My girlfriend Cherish told me a pretty disturbing story.
After work last week, she decided to run to TJ Maxx to do a little shopping. She had to park pretty far from the store because the parking lot was full. Cherish said when she pulled into the space, a woman was unloading a cart into the car in the next space. Cherish turned off her engine, got out, and started to walk toward the store. At the exact same time, the woman finished unloading her bags, and she too started to walk the empty cart toward the store. They were practically walking together.
Cherish thought it silly for the woman to have to walk all the way back to the store to return the empty cart. She turned to the woman and said, “Excuse me, would you like me to take that cart for you?”
The woman either did not hear her, or she completely ignored what Cherish said. They were still a good ten car spots from the door.
Hoping it was the former, she repeated again, “Would you like me to take that cart for you?”
The woman stopped walking. Cherish stopped walking. The woman turned to her and glared. “No!” She then sped up, got to the door, and left the cart outside.
Cherish said she felt horrible. All she wanted to do was to help, and she was vehemently denied, which got me thinking, have we developed such a lack of trust in our fellow man that we cannot recognize a good deed or kind act when it is staring us in the face?
Of course, as someone who believes in people, I think the majority of us do recognize random acts of kindness. Just this morning, I was at the grocery store and a coupon slipped off of my cart. I did not notice, I was already turning to the next aisle, but another woman did.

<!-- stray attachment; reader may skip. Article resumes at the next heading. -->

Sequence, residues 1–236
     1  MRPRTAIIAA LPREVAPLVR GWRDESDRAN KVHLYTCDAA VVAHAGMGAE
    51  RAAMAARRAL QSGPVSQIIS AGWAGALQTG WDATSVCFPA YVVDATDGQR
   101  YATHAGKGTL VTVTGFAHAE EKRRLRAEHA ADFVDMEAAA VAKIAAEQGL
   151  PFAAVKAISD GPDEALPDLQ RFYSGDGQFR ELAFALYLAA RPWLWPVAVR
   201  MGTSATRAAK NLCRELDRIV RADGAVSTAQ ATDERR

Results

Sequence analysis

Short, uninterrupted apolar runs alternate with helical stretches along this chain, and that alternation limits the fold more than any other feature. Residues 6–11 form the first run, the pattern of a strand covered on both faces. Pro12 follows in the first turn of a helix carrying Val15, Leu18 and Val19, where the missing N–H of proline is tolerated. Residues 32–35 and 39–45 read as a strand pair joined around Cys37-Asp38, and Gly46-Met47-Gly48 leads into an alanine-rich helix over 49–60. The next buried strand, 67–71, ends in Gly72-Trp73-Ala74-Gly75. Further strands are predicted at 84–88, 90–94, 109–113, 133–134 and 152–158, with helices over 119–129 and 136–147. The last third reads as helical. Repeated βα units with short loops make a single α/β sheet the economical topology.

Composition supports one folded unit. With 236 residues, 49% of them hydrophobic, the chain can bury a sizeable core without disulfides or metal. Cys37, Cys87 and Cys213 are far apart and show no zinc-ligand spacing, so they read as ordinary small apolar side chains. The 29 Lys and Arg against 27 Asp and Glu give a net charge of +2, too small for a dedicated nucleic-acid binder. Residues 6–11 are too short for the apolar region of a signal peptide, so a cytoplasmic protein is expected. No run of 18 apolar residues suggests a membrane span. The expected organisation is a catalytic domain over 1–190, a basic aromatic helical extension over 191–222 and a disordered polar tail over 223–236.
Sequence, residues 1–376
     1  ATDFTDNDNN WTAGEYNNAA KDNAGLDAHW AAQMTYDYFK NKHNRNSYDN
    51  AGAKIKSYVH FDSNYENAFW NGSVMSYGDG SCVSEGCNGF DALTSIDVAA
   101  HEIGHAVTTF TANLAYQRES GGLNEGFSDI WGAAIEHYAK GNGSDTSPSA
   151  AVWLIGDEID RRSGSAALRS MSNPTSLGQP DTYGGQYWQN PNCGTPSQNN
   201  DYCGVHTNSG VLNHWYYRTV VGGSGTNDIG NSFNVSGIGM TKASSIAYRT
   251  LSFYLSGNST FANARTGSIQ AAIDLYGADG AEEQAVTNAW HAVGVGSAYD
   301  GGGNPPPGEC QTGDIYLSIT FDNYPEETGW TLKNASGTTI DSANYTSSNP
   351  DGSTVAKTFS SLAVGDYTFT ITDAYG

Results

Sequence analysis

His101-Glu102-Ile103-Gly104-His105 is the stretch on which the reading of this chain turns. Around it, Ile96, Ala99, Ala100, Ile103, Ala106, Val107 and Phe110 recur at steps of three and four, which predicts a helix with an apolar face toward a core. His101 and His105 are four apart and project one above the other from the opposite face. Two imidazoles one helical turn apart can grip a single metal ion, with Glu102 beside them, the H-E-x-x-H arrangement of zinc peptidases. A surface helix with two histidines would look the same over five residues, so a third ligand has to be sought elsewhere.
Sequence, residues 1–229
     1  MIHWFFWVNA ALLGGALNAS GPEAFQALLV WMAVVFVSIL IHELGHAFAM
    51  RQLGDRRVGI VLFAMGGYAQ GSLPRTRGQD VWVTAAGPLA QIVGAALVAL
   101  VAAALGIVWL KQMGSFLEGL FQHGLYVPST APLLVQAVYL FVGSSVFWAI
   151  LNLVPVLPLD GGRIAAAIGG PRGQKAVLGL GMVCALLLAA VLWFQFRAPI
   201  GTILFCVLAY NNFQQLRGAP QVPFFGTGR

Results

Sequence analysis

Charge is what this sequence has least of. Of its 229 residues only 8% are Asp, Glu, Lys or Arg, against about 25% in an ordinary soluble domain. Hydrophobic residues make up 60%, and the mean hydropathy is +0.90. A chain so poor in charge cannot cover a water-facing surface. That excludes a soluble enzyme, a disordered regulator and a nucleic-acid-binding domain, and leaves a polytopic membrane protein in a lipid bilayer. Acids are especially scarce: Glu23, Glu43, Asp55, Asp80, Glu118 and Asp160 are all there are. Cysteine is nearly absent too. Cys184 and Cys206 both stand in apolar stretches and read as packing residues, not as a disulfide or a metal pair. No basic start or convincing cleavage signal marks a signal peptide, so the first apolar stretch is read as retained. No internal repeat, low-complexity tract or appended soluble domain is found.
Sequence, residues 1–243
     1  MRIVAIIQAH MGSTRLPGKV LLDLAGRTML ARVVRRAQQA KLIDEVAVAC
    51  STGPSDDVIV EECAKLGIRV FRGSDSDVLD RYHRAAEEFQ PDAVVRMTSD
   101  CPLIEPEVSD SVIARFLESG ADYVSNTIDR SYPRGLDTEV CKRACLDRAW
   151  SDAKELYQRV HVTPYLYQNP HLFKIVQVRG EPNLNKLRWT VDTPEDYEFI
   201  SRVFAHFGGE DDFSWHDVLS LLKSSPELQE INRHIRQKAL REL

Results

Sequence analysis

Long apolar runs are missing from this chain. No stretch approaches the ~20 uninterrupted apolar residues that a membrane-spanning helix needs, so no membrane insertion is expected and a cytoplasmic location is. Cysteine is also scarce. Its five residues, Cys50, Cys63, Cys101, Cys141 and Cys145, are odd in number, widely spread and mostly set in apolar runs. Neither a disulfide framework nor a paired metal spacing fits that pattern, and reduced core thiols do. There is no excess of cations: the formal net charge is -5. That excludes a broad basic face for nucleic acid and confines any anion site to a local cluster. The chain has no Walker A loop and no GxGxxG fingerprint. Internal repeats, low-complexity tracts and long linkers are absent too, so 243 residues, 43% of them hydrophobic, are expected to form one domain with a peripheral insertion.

“I think you dropped this,” she said as she caught up to me. It was a $2.00 off coupon for hair dye. Seemingly, I would have bought it anyway, my greys are really starting to show, but I was definitely happy to have it back in my possession.
“Thank you so much,” I said. “I didn’t realize I dropped it.”
The woman smiled. “No problem. Have a good day.”
“You, too,” I replied, and I meant it. For the lack of a better way of saying this, this stranger made me feel happy.
No problem. I think most people see helping others in small ways is really not being a problem. Yet, all of those little niceties add up. This woman definitely put me into a better mood.
Have a good day. What a simple statement, but it says so much. This woman wants me to have a good day. She said it, and saying it out loud resonated with me.
Who knows, maybe her kindness kept me from freaking out at the stupid display in front of the shredded cheese, which made it impossible to have more than one person able to get cheese at the same time. I saw the display, it registered that it seemed awkwardly placed, and I was forced to wait a few minutes before I could grab my mozzarella and my parmesan. Yet, I waited patiently. Usually, these types of things send me over the edge, but not today.
Personally, I cannot lose faith in my fellow man.
So Reader, I cannot hand you a coupon or push your cart, but I can say, “Thank you for reading, and I mean it when I say, I hope you have a good day!”